This mystery keeps you interested for majority of the movie, providing plenty of intrigue leading up to the moment it begins hunting down the crew. The Alien is also kept in the dark, giving us only small glimpses of it, making it seem much more terrifying as it adds even more mystery and factors of the unknown. Its first appearance in full form is done masterfully, it drops from the chains, and slowly rises up behind Brett, we only witness the head and part of its face, the tension and build up giving us a sense of just how nightmarish this creature is. Although the suit and the creatures design are very, very well done Ridley Scott decided it best to keep it hidden, to add to its effect, something the movie is heavily praised for.
Unique to this film that separates it from being just another B-movie is the absence of seeing the kills, and using what we do see the an effective manner, working with the running theme of the unknown we only truly witness two deaths, Kane’s via chestburster, and Brett as the Alien bites him and drags him away. The movie also does a great Job in making one wonder just who is going to survive, nowadays even if you have not seen the movie you are well aware that it is Ripley who makes it to the end, but the movie never directly implies that until the final act. One is lead to believe that Dallas is the main character, he’s the Captain, we spend personal time with him, and he fits the bill of what to look for in a protagonist. However he finds himself to be one of its first victims.
Considering how well written each character is, not only do you not want them to die, and even though you know they will, you don’t know in what order, or how. The fact that we see it’s lifecycle playout and start understand it at the same time the characters do help make the Alien feel more real and the movie more immersive, most monster movies don’t take time to develop the monster, typically we are given no explanation, or a very simple one usually something along the lines of toxic waste mutating thing into bigger thing and wants to kill people or the Alien creature just appears and causes havoc. But the Alien is more realistic, it has an evolution, one that feels real as it is based off of many existing creatures, but given a twist.
It has natural defenses, acid blood, protecting the facehugger’s host, punishing those who try harming it, and it being the reason the crew cannot simply shoot or kill it in a conventional way, for fear it will eat through the hull. It has animalistic drive, its only purpose to secure its species. The Alien is not the green humanoid many were used to, now it was something out of this world, it truly felt Alien. And once it disappears fear overtakes the audience as well as the crew, nobody knows what it will do, you cannot guess the actions of something you’ve never seen before, of an animal that acts like nothing you have witnessed. Now the horror comes from its mystery, it is clearly capable of dispatching the crew, but how? What tactics will it use? How smart is it? What does it do to its victims? The movie gives you enough to be amazed and horrified and leaves much for you to imagine, it’s the perfect balance of the two.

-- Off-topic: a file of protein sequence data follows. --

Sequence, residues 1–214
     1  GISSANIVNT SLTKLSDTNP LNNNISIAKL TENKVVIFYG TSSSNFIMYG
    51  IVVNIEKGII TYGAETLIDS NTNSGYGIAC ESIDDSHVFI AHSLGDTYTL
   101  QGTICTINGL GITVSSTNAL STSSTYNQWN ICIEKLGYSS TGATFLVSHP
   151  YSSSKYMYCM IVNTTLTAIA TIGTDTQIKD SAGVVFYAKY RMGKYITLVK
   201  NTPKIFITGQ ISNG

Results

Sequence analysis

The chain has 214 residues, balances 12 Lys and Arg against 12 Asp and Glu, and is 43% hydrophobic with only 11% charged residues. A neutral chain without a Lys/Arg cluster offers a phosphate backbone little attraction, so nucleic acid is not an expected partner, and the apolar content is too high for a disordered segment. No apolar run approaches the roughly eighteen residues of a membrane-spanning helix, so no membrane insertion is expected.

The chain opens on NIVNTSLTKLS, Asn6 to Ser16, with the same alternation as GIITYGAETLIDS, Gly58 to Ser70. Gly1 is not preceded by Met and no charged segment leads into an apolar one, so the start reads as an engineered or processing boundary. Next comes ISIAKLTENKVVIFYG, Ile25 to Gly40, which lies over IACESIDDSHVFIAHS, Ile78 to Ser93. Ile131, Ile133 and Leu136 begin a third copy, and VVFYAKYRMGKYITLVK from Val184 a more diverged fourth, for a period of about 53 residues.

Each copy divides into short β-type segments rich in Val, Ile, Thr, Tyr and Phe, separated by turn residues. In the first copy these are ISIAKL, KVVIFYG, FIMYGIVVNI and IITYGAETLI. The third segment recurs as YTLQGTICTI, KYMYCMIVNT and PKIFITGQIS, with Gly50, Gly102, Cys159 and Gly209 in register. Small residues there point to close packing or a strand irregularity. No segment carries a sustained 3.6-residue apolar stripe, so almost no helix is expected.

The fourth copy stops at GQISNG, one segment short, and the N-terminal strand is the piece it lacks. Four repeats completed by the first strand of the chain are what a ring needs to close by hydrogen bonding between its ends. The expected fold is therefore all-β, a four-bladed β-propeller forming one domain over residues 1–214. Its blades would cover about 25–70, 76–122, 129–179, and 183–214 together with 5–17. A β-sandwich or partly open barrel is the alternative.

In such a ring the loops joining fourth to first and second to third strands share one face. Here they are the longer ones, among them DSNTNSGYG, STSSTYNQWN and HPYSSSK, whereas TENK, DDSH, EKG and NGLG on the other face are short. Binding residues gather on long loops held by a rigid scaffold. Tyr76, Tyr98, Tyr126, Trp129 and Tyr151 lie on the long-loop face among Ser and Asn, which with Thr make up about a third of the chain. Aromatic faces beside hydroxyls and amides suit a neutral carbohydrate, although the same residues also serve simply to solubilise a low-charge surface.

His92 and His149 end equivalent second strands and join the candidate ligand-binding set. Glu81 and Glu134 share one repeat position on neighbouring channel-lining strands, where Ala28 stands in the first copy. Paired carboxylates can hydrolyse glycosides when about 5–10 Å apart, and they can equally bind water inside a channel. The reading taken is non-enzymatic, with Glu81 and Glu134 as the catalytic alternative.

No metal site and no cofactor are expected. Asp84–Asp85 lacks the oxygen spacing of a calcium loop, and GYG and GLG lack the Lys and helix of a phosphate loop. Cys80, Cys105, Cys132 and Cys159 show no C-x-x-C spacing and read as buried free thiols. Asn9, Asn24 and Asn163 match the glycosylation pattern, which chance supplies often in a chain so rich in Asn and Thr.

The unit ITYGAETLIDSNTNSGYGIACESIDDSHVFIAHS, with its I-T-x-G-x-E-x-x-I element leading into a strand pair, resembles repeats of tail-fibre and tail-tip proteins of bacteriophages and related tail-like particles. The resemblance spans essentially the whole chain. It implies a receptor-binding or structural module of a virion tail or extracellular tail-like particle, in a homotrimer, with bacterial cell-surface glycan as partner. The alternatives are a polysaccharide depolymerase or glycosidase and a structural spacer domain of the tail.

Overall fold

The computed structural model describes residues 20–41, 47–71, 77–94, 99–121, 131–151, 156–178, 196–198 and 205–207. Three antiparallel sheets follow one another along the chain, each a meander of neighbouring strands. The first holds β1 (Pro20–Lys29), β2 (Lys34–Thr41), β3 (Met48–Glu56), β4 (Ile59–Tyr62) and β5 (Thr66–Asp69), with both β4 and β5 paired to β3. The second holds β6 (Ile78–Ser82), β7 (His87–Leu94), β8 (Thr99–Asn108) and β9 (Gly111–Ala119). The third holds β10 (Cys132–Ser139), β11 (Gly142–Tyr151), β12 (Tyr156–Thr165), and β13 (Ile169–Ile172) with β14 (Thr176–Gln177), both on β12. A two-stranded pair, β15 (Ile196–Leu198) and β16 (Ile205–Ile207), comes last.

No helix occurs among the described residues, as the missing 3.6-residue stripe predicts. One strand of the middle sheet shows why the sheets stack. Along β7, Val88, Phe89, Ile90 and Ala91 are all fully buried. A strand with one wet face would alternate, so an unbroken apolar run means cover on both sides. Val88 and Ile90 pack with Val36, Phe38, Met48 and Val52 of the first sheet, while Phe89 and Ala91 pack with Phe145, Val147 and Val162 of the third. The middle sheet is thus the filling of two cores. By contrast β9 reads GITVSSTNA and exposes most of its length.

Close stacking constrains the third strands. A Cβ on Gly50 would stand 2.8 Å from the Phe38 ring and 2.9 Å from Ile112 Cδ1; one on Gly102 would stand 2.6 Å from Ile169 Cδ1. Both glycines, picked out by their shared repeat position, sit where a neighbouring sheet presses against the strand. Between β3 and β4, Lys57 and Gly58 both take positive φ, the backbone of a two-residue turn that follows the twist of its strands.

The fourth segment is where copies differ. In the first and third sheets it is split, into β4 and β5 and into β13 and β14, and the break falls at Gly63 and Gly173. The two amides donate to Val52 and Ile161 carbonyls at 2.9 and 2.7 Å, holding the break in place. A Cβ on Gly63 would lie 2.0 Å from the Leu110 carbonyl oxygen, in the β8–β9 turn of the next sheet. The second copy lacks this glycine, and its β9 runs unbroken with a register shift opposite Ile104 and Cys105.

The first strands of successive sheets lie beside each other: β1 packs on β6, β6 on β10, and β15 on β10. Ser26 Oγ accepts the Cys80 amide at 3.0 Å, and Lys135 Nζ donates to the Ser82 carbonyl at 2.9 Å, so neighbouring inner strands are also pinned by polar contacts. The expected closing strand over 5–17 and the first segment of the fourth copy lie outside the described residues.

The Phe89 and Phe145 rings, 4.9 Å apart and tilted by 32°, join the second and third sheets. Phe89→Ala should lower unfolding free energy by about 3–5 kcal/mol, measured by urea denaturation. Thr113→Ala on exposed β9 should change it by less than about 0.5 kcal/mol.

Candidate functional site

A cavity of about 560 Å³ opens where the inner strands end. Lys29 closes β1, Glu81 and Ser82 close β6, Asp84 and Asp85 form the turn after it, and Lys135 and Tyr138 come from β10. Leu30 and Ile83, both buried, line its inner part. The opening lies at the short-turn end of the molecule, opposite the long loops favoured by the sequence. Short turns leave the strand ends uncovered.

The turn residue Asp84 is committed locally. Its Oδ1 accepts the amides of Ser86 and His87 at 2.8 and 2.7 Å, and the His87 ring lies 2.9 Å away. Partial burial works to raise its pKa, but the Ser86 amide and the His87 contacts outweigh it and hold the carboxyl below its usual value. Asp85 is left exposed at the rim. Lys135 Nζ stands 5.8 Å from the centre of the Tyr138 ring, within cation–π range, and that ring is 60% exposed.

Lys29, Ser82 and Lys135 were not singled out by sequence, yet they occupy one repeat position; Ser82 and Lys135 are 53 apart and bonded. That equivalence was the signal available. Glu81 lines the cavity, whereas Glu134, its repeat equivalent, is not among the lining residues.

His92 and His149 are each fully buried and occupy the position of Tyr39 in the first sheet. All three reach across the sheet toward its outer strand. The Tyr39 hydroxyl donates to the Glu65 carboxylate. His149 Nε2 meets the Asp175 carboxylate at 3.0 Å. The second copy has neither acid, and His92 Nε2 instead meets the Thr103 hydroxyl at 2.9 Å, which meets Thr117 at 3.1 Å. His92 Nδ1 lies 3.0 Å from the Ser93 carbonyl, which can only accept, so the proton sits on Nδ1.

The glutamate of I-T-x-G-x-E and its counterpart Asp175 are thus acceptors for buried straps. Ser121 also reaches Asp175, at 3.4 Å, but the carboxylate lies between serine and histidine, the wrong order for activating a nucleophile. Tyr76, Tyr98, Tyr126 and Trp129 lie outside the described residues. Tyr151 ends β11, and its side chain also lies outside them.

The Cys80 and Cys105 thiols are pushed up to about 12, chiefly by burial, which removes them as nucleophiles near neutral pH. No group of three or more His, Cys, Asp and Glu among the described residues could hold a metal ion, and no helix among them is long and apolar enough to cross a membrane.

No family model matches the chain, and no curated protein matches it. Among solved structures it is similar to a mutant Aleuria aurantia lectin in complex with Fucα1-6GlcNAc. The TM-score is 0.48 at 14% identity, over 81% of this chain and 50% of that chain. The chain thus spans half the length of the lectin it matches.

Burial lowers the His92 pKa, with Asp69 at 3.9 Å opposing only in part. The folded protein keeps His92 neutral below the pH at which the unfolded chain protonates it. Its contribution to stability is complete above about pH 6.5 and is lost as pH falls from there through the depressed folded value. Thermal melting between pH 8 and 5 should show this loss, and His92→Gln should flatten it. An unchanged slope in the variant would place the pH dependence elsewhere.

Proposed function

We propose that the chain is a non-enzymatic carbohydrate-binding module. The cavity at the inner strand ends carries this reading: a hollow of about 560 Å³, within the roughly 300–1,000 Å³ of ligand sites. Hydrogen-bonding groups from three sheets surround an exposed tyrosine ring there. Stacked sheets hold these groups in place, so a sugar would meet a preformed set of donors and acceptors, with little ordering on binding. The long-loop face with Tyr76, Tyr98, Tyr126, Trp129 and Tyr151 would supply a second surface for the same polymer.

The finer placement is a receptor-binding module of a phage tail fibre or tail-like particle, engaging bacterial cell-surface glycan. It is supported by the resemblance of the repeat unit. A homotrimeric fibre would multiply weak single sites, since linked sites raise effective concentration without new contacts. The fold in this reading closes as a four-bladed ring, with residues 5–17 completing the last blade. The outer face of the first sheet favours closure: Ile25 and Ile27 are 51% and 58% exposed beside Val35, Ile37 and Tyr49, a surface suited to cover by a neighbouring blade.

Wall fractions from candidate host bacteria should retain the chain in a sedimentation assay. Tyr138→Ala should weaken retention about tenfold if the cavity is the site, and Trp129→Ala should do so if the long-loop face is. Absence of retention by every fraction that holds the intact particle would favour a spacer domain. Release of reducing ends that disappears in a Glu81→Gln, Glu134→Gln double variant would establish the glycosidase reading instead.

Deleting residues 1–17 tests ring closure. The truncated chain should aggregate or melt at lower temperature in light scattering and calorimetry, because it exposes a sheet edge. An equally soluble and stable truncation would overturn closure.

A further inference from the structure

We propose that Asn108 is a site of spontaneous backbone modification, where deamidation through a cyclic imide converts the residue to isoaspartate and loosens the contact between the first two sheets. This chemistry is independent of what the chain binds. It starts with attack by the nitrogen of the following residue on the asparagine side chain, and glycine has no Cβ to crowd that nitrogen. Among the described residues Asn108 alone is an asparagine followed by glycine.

Oh, what I would give to be there in 1979, the see the film in theaters without the knowledge of it and movies we have now, it must have been something to see. But I can only see it through the eyes of the modern day, although perhaps not as impactful as it must have been then, the movie still holds up entirely. Every shot, performance, effect, prop, nothing feels dated. Perhaps one shot of the Alien outside of Ripley’s escape pod is rather cheesy, but it doesn’t take away from the scene or the film as a whole. It is still held in high regard as not only one of the best horror, but one of the best science fiction in cinema history, cited often as being of the same caliber as something like Stanley Kubrick’s 2001, and perhaps seen as even more influential on filmmakers and cinema fans alike.